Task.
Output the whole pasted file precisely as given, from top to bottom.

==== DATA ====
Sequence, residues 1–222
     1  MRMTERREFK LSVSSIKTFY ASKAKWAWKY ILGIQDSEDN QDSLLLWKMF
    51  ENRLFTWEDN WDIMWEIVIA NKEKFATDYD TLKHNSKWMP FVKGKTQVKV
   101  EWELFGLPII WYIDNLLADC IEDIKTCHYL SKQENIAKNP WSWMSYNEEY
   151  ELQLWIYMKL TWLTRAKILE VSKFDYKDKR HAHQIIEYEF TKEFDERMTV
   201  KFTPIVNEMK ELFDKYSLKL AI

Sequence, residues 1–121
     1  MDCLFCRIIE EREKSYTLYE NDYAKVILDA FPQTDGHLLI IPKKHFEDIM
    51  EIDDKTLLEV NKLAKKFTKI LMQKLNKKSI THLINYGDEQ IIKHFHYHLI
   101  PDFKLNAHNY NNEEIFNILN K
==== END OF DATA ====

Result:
Sequence, residues 1–222
     1  MRMTERREFK LSVSSIKTFY ASKAKWAWKY ILGIQDSEDN QDSLLLWKMF
    51  ENRLFTWEDN WDIMWEIVIA NKEKFATDYD TLKHNSKWMP FVKGKTQVKV
   101  EWELFGLPII WYIDNLLADC IEDIKTCHYL SKQENIAKNP WSWMSYNEEY
   151  ELQLWIYMKL TWLTRAKILE VSKFDYKDKR HAHQIIEYEF TKEFDERMTV
   201  KFTPIVNEMK ELFDKYSLKL AI

Sequence, residues 1–121
     1  MDCLFCRIIE EREKSYTLYE NDYAKVILDA FPQTDGHLLI IPKKHFEDIM
    51  EIDDKTLLEV NKLAKKFTKI LMQKLNKKSI THLINYGDEQ IIKHFHYHLI
   101  PDFKLNAHNY NNEEIFNILN K